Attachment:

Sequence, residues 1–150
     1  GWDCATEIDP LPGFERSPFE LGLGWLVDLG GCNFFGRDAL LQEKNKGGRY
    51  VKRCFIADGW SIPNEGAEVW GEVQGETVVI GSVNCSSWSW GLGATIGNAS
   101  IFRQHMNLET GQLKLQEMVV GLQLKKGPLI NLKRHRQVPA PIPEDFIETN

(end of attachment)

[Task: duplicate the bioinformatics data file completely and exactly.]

Sequence, residues 1–150
     1  GWDCATEIDP LPGFERSPFE LGLGWLVDLG GCNFFGRDAL LQEKNKGGRY
    51  VKRCFIADGW SIPNEGAEVW GEVQGETVVI GSVNCSSWSW GLGATIGNAS
   101  IFRQHMNLET GQLKLQEMVV GLQLKKGPLI NLKRHRQVPA PIPEDFIETN